6. Admit mistakes.

Everyone makes mistakes. However, by not admitting or owning up to this fact, a culture of trust is hard to come by. Being human means that you will screw up once in a while. Own your mistakes, but don’t let them own you. One final thought: Don’t dwell on the mistake. Remember what you learned from it.

7. Lead by example.

Don’t ask others to do what you are not willing to do or have not done yourself. Leadership is about action—not position, title, or power. When all is said and done, effective leaders don’t tell others what to do but instead take them to where they need to be. You get what you model. 

8. Encourage leadership at all levels.

One woman or man does not sustain change. Think about this for a second. Have you ever seen a leader personally implement the vision or every idea he or she came up with? Sure, an individual can begin the process, but it takes a collective effort to make change stick. Building capacity through delegation and trust empowers others to be an active part of the process. Leadership is a team sport.

9. Address the elephant in the room.

The "elephant" can come in many shapes and sizes. In some cases, it is the 5 percent of the people in the system who give you 95 percent of the problems. In other situations, it can be an unpopular decision, lack of resources, or dwindling support. Regardless of what the issue is, the most effective leaders don’t shy away from addressing it. Leadership is not a popularity contest.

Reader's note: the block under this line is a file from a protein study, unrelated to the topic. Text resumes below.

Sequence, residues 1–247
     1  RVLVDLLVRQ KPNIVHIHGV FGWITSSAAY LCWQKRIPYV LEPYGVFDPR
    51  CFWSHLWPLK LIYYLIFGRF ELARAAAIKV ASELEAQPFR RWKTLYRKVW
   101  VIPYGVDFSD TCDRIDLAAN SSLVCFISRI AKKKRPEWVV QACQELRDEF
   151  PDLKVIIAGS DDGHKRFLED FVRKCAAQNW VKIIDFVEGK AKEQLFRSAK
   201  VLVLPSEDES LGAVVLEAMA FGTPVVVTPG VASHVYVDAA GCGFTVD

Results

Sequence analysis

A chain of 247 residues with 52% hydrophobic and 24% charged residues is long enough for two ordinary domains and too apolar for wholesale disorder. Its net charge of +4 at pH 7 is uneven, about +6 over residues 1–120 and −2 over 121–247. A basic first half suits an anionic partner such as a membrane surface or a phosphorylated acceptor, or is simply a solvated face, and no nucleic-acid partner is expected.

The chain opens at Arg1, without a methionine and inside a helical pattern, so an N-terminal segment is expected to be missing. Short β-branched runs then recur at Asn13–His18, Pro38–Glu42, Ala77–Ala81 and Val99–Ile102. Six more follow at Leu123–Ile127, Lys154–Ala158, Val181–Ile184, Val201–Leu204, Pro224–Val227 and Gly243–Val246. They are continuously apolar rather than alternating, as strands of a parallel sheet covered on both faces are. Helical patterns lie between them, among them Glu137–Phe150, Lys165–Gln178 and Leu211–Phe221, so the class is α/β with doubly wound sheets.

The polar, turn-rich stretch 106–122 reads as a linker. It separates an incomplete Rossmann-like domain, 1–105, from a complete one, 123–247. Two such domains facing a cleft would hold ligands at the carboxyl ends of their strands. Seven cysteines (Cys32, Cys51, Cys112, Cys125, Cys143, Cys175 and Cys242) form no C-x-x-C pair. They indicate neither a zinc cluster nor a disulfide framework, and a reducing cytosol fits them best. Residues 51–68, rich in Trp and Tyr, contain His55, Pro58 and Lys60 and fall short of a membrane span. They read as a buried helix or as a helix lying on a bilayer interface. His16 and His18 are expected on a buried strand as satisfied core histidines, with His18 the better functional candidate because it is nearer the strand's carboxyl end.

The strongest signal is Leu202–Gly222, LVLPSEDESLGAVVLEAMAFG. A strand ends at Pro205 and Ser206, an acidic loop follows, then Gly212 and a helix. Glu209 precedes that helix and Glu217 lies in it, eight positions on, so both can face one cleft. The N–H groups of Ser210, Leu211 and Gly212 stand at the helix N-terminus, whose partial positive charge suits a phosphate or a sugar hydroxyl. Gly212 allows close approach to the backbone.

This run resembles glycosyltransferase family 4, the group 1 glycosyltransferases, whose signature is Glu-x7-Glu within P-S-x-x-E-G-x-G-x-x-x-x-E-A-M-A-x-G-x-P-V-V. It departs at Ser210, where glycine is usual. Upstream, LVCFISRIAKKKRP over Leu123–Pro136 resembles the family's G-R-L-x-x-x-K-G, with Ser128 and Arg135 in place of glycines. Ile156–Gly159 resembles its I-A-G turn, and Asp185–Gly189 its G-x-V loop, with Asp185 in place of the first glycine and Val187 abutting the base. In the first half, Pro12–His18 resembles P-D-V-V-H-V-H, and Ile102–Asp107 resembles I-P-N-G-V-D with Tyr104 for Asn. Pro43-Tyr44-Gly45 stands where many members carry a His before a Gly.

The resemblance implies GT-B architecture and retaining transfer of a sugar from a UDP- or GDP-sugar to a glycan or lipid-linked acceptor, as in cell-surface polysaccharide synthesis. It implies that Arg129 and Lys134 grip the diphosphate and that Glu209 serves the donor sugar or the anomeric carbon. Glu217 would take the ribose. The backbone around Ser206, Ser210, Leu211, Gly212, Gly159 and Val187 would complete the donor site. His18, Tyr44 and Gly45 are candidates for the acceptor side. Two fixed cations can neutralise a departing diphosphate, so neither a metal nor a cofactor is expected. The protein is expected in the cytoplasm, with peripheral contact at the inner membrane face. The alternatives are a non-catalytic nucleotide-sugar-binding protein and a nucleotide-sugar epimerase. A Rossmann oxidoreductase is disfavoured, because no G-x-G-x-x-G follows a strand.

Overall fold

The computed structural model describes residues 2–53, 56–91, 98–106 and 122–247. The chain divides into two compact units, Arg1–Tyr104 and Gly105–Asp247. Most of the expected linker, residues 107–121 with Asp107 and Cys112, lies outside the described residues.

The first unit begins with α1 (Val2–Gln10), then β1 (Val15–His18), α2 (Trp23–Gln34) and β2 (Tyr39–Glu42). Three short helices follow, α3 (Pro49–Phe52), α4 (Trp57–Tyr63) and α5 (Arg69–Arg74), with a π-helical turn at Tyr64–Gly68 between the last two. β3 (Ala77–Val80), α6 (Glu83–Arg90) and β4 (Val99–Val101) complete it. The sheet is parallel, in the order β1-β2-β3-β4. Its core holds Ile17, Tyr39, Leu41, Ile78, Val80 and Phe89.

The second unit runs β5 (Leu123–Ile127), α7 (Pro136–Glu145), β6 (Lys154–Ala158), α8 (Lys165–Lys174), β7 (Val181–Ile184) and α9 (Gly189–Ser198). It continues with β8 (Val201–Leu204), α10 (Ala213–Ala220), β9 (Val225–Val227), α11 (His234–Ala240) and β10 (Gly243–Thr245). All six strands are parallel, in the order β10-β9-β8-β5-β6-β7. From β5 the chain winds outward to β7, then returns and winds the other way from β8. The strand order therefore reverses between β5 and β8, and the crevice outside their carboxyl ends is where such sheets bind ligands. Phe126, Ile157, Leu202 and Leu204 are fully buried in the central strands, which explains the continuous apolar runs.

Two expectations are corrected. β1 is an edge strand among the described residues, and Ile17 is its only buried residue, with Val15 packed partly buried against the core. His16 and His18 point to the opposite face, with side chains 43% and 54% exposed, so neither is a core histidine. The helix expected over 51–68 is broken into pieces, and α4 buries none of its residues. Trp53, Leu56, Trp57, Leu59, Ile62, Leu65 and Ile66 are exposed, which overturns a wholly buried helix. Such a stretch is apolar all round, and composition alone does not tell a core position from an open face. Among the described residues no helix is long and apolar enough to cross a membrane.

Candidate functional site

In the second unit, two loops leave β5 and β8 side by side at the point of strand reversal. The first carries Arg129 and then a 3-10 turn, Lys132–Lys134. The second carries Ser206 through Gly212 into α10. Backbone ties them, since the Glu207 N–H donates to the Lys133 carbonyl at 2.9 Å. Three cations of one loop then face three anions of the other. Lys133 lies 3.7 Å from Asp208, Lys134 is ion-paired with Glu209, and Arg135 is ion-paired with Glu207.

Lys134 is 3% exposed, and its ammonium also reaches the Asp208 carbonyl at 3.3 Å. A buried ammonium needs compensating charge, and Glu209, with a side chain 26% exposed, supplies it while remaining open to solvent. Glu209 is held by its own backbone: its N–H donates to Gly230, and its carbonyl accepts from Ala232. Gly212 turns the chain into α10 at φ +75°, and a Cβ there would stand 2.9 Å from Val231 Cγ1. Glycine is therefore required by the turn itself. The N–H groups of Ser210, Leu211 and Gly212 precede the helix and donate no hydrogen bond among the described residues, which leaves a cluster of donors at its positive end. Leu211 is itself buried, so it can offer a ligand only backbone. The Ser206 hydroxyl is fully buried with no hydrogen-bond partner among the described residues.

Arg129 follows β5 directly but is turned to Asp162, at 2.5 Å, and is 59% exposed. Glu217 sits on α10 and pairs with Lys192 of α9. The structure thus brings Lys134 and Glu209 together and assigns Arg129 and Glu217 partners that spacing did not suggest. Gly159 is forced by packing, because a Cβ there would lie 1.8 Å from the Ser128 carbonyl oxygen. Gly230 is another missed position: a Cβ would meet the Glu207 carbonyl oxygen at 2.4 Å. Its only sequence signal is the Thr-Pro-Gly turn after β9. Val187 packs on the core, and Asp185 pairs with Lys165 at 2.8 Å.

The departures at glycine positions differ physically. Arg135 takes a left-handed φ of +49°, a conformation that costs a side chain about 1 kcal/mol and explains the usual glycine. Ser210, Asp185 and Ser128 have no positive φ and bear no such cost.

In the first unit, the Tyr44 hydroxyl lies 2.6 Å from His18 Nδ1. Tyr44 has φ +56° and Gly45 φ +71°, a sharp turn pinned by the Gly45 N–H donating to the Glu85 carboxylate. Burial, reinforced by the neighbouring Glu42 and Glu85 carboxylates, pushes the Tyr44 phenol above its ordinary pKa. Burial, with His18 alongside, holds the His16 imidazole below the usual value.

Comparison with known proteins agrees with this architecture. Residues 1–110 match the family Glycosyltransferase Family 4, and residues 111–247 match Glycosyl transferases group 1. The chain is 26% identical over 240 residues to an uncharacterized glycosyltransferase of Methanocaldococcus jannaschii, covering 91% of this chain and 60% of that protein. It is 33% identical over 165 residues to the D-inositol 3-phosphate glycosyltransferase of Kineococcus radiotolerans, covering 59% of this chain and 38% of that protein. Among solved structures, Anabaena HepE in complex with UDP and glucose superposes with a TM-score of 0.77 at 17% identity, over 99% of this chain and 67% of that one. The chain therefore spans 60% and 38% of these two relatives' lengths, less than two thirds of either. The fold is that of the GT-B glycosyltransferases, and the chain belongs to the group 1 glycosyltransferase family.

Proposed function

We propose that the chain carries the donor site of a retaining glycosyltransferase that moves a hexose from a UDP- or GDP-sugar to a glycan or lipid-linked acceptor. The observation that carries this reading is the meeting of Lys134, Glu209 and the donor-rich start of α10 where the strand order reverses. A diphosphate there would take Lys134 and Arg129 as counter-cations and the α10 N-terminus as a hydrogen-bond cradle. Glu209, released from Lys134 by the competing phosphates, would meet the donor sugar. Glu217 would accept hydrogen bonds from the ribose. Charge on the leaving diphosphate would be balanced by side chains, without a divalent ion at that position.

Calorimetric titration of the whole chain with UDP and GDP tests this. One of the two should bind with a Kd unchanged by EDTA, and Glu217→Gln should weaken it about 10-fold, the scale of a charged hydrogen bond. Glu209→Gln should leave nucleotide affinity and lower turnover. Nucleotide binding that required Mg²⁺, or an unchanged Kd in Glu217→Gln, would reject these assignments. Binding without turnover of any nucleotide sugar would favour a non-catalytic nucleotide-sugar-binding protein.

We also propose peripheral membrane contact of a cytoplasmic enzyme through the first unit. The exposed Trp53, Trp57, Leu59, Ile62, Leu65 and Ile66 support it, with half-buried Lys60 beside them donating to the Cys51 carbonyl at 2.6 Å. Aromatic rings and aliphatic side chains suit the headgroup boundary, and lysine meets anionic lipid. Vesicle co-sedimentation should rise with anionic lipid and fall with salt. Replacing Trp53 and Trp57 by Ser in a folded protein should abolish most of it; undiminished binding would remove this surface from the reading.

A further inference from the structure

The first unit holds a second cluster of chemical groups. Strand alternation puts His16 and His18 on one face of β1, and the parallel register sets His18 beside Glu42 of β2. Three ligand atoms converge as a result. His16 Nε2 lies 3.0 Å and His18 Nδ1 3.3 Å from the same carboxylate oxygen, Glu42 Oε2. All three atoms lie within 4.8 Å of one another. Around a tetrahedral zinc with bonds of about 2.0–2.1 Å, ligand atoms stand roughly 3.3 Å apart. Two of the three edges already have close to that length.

10. Improve the system.

Leaders sink or swim based on how well they can help their organization find and sustain success. It is a calling and a responsibility to move a culture forward in a way that achieves better results. The best leaders are all about ensuring efficacy in any idea, strategy, decision, or program. They also embrace accountability as part of the process.

11. Rise above fear.

We are all afraid of something. However, we cannot let that stop us from improving professional practice. Fear of the unknown or failure holds us back from moving forward with change. I love this quote from Zig Ziglar: “F-E-A-R has two meanings: 'Forget Everything and Run' or 'Face Everything and Rise.' The choice is yours.” 

Life is all about choices. We can ill afford to allow fear to hold our learners and us back from what’s possible. It is essential to understand that if we fear the risk, then we will never reap the reward that taking the risk provides. When trying something new or different, the chances are good that you will fail. If and when you do, learn from the experience and use the power of reflection to improve practice or yourself. By letting go of some of your fear, you will be surprised at what you can accomplish.

12. Be prepared for a long journey.

Leadership is not a race or event. It is a process. Meaningful change rarely happens quickly. Transforming culture takes time, so patience is a virtue here. This is not to say that there shouldn’t be a sense of urgency with some aspects. The fact of the matter is that system-wide results and achieving success take time. Set expectations and goals knowing full well that they might not fully materialize for a few years.

***

Blog contributor Eric Sheninger is an ICLE Senior Fellow and thought leader on digital leadership and learning. You can book a keynote with him to help your school or district explore solutions for leading and learning in the digital age. You can also view our full list of thought leaderswho provide customized presentations on a range of key education issues.

Be the first to read the latest from Shaped.